Her father’s daughter, Cash waxes reflective
Rock memoirs are a spotty lot, littered with bad writing and gratuitous dishing, and a reader’s expectations tend to follow suit. We slog through the wooden prose to get to the sex and drugs. We read between the ghostwritten lines hoping for a glimpse of our hero’s true heart. Or we go straight for the jugular: the photos.
Singer-songwriter Rosanne Cash’s “Composed’’ includes only nine postage-stamp-size black-and-white photos of her and her family. The memoir is mostly a plainspoken, poetic collection of anecdotes, memories, and meditations that are arranged not so much chronologically but for maximum perspective.
Cash has had big hits and serious lows and a family life that’s ripe, to say the least. But the author is a craftswoman, and in her memoir, as in her songs, she places more emphasis on emotional resonance than on filling in the blanks.
Cash is the oldest child of the late country music icon Johnny Cash and his first wife, Vivian Liberto. She was born in 1955, a month before her father’s first single, “Cry, Cry, Cry,’’ was released on Sun Records. Before long the family traded East Memphis for Southern California and the disruptive glare of stardom, and over the next decade Cash’s family would be splintered by her dad’s constant traveling, drug addiction, and love affair with June Carter. It was a turbulent youth, which the author dutifully chronicles, noting that the 2005 film “Walk the Line’’ was “an egregious oversimplification of our family’s private pain, writ large and Hollywood-style.’’
But the facts of Cash’s extraordinary life do not a self-portrait make, and it’s the author’s weaving of history and experience with a deep sense of reflection, at once clear-eyed and nearly impressionistic, that makes “Composed’’ such a pleasure to read.
“If Magritte had painted my childhood, it would be a chaos of floating snakes, white oxfords, dead Chihuahuas, and pink hair rollers,’’ she writes. “Bolts of gold lamé and chiffon would be draped over everything, stained with coffee and burned with cigarettes, and garden hoes would be wielded by drunks with guitars. Glass jars full of spiders and amphetamines would line the walls behind the sliding mirrored doors.’’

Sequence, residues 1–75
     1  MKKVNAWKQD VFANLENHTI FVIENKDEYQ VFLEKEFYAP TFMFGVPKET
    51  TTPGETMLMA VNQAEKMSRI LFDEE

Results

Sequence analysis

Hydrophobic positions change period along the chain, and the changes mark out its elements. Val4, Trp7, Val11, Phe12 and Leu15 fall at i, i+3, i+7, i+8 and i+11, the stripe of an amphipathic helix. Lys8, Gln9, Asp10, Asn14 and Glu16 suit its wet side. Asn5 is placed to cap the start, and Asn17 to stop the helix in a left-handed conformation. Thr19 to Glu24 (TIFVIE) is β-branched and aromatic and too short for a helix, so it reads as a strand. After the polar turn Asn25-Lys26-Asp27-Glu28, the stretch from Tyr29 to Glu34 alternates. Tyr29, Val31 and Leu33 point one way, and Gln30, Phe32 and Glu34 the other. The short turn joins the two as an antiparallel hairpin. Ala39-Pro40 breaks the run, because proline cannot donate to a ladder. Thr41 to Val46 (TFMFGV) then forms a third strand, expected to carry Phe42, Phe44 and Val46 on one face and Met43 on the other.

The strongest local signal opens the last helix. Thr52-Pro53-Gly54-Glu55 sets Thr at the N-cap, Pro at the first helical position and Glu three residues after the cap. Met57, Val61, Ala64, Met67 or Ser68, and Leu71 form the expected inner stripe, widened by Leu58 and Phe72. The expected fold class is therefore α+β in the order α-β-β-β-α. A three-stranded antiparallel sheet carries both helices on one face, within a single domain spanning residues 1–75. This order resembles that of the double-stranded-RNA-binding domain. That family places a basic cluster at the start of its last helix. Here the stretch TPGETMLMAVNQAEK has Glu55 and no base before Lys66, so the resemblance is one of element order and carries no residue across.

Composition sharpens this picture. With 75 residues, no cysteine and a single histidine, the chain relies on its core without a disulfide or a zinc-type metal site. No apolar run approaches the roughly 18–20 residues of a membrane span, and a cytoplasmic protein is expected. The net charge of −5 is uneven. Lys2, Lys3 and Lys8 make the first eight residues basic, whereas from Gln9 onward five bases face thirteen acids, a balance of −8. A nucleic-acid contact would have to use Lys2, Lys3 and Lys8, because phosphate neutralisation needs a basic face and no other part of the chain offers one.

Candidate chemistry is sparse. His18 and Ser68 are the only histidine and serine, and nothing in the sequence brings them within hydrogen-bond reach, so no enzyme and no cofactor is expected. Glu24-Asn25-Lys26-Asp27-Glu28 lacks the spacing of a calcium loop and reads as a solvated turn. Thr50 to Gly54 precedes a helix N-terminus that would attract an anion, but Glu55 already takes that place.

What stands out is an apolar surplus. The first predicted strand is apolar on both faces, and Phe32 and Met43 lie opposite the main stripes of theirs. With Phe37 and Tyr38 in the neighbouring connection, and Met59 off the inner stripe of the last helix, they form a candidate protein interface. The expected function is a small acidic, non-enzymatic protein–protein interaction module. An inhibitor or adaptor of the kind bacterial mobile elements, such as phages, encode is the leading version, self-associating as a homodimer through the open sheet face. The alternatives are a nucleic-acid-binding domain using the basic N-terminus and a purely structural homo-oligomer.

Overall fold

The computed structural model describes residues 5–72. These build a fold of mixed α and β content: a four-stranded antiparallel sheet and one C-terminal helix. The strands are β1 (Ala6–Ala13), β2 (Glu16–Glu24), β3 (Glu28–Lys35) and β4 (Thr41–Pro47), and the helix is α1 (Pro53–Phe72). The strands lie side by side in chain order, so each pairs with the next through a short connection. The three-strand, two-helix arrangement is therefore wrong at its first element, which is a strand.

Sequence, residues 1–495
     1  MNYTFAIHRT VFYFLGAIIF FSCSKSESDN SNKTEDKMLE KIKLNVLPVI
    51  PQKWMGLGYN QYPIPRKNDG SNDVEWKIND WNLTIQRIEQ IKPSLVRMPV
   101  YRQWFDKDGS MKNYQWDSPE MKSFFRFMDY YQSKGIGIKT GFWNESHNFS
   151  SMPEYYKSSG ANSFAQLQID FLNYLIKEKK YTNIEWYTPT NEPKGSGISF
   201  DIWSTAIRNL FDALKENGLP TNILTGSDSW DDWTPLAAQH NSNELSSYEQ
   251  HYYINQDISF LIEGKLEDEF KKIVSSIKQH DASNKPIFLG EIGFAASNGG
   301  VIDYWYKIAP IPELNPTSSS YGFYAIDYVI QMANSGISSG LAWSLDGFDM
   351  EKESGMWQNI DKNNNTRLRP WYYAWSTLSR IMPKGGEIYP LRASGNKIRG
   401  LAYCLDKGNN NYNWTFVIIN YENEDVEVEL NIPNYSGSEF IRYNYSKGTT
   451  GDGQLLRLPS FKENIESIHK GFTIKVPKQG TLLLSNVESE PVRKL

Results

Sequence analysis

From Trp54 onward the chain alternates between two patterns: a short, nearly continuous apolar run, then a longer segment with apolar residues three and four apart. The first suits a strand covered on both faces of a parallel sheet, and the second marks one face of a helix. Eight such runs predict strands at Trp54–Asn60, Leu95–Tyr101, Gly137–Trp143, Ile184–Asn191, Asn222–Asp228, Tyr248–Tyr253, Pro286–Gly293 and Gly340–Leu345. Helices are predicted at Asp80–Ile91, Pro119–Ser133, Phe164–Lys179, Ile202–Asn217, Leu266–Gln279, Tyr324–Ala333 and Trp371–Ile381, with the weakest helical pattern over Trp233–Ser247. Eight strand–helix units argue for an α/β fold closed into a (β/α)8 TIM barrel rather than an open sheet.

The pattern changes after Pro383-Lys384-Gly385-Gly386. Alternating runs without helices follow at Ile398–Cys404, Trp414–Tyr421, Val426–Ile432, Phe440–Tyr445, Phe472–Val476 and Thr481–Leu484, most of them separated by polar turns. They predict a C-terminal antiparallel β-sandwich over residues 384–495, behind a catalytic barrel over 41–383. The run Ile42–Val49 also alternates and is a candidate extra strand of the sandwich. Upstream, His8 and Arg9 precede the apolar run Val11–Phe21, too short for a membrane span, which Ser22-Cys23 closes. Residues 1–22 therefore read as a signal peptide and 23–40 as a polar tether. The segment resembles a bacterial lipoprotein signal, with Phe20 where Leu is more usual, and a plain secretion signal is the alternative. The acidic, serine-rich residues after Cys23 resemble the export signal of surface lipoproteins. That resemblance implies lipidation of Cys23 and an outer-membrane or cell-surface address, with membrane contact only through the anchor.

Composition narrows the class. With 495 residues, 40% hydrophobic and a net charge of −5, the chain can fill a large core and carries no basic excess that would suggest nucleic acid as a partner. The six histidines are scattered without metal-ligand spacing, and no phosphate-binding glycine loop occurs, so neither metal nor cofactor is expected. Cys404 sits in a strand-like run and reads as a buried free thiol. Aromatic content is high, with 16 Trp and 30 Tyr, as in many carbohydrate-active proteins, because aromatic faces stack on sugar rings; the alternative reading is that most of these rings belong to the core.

The picture is hardly complete. But the choices that Cash — who has published fiction and essays in the New York Times, Rolling Stone, and elsewhere — made about which moments to plumb and what to leave untouched are themselves revealing. Her marriage to and divorce from country artist Rodney Crowell are not given much ink, but she describes at length the outfits she wore to a string of funerals.
“For Dad’s funeral I chose a black knee-length Armani skirt and a Philippe Adec jacket with sweet black-on-black appliqué flowers on one shoulder,’’ she writes. “I wore black stockings and the same Prada satin pumps, which still had bits of dried mud on them from June’s funeral four months before. I fainted at the funeral home.’’
It’s not necessarily the widescreen images, but the tiny details, Cash reminds us, that we carry through our lives.
As the title suggests, her path so far has been defined in large measure by the challenge of cobbling a personal and creative identity in the context of the Cash cosmos. She searched for herself at a low-level record label job in London and in Method acting classes in Los Angeles, fled to Munich to try her hand making records, topped the charts and fell from grace, struggled to juggle career and motherhood to five children, and agonized, always, over her voice. She’s found it.
Joan Anderman wrote about music and the arts for the Boston Globe from 1998-2010.